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Ridgeway Lodge Care Home Requires improvement

The provider of this service changed - see old profile


Inspection carried out on 21 August 2020

During an inspection looking at part of the service

Ridgeway Lodge Care Home is a ‘care home’ providing accommodation, nursing and personal care. It is registered to provide a service for up to 61 people.

We found the following examples of good practice.

¿ The service was receiving professional visitors to the service with robust infection control procedures in place. Visitors were provided with a designated preparation area on arrival in which they were provided with guidance, personal protective equipment (PPE) and a health screening questionnaire was completed. Each visitor also had their temperatures checked by staff on arrival.

¿ The service had taken steps to alleviate feelings of loneliness or isolation being experienced by people. The service had a ‘Wellbeing Lead’ who was involved in developing activities for people and supporting telephone and video calls to their relatives and friends. The registered manager and deputy manager also told us of other actions the Wellbeing lead had taken to boost morale of people and staff; such a visit by the local fire service on a ‘Clap for Carers’ Thursday and the sharing of uniform/linen bags and small gifts for staff which had been donated by members of the community.

¿ The provider had developed a robust package of policies, procedures and guidance for locations which the registered manager had successfully implemented at the location.

Further information is in the detailed findings below.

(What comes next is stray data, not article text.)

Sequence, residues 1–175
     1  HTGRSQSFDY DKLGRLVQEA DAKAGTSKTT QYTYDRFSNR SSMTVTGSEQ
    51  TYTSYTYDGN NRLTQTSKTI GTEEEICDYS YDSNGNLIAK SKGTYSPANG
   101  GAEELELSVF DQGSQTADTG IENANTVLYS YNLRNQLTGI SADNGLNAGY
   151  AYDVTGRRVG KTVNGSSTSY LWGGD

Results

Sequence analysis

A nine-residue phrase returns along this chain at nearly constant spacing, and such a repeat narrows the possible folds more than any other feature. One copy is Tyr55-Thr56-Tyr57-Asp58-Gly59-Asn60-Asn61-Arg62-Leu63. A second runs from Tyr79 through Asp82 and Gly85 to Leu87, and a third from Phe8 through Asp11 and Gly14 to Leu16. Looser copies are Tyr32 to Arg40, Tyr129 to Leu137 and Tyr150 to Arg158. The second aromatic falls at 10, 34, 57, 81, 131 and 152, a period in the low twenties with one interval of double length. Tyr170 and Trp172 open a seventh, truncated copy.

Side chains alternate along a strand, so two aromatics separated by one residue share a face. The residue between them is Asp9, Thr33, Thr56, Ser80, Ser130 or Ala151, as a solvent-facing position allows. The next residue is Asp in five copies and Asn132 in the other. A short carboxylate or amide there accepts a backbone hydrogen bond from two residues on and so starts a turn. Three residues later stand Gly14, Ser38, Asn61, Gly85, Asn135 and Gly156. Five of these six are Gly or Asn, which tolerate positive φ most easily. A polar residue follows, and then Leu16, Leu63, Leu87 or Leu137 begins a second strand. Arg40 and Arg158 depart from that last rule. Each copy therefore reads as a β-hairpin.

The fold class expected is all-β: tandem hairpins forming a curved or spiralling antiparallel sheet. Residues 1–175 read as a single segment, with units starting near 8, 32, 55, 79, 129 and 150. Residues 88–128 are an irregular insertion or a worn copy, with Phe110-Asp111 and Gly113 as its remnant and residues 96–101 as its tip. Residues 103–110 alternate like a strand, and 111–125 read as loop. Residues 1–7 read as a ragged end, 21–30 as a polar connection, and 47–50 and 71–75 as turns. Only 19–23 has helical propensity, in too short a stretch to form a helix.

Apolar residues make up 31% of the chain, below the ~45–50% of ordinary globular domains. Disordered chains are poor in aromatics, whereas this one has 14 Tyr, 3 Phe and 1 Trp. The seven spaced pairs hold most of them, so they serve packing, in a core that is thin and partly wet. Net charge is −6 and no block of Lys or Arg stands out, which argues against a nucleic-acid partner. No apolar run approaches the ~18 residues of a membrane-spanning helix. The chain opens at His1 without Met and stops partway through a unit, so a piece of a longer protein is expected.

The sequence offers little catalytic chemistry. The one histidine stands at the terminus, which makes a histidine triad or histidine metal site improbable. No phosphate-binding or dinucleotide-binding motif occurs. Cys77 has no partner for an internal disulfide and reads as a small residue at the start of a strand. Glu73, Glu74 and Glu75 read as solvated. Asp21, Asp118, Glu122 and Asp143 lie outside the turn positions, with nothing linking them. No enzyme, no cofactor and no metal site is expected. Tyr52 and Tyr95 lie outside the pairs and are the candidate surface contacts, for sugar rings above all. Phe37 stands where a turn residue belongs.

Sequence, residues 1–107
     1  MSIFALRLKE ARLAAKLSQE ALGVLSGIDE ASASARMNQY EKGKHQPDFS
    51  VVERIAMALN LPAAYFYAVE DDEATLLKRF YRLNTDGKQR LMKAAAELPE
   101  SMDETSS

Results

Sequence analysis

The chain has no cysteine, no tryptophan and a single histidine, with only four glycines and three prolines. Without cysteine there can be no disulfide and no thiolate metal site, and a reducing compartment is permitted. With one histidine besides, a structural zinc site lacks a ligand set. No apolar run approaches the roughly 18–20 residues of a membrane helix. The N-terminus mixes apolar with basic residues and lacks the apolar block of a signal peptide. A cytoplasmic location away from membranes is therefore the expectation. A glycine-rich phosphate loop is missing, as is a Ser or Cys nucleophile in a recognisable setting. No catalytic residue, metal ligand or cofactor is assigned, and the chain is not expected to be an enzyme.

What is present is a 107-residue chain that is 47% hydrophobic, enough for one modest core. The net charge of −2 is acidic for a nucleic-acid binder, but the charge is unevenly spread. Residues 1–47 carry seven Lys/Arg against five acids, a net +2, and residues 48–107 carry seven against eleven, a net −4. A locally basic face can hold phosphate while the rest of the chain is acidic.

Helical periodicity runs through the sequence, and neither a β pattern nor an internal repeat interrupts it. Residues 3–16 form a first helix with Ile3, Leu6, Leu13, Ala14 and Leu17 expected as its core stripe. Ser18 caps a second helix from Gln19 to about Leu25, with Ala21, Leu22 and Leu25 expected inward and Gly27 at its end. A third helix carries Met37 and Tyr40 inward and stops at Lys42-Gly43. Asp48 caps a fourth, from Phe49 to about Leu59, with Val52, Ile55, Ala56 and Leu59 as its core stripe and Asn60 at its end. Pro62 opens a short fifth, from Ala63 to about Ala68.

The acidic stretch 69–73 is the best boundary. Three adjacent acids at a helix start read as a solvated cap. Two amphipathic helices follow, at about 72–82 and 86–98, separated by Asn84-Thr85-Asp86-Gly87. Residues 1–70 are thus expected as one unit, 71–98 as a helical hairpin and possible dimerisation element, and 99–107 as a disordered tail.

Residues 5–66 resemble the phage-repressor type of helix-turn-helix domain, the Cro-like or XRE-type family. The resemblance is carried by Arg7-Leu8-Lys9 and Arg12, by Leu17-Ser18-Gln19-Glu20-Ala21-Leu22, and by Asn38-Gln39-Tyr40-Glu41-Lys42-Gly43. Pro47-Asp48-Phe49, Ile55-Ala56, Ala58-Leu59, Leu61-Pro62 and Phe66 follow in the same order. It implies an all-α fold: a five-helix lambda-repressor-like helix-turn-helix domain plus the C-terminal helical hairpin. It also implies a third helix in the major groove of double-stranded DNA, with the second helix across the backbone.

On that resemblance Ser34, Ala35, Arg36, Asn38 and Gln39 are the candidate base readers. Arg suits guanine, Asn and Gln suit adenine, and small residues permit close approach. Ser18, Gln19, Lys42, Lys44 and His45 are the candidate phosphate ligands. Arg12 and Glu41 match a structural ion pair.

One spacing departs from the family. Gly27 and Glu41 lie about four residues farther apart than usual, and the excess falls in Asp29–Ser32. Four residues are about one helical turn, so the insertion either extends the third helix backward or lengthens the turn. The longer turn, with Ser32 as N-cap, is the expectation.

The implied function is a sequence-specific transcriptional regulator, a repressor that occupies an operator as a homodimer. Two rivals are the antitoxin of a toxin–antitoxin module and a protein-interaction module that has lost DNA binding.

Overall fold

Inspection carried out on 23 January 2020

During a routine inspection

About the service

Ridgeway Lodge is a care home registered to provide care and support for up to 61 people. The service consists of two floors, with different units accommodating people with specific care needs, such as dementia and residential care. At the time of the inspection, 58 people were living at the service.

People’s experience of using this service and what we found

People, relatives and staff said there were not always enough staff to support people in a timely way. People had not been harmed, but this had a potential to put people at risk because waiting, for example, to go to the toilet or to move, could impact on their dignity, health and welfare. Staff told us they could not give enough time to support people as they wished or respond to them quick enough. This was because they were too busy. Although there was an assessment in place to consider staffing numbers, this did not accurately reflect the needs of people or the actual experience of practical delivery of care.

Improvements were also required in the quality of the information in people’s daily records so that these clearly reflected people’s experiences and their individuality. The provider's quality monitoring processes were not always effective at ensuring that people always received truly person-centred care.

However, people said they received good care and were supported well to meet their needs. They told us staff were kind, caring and provided care in a respectful manner. Relatives were happy with how staff supported their family members.

Potential risks to people’s health and wellbeing had been managed well. People were protected from abuse because staff were trained to identify and report concerns. Staff were recruited safely. People were supported to take their medicines safely. Lessons were learnt from incidents to prevent recurrence. Staff followed set processes to prevent the spread of infections.

Staff had been trained to meet people's needs. The provider reviewed if they needed to do more to support staff to learn new skills and improve on existing ones. People had enough to eat and drink, but more needed to be done to ensure there were enough staff to support people who needed help to eat. This would also improve people’s dining experience. People had access to healthcare services when required, and this helped them to maintain their health and well-being.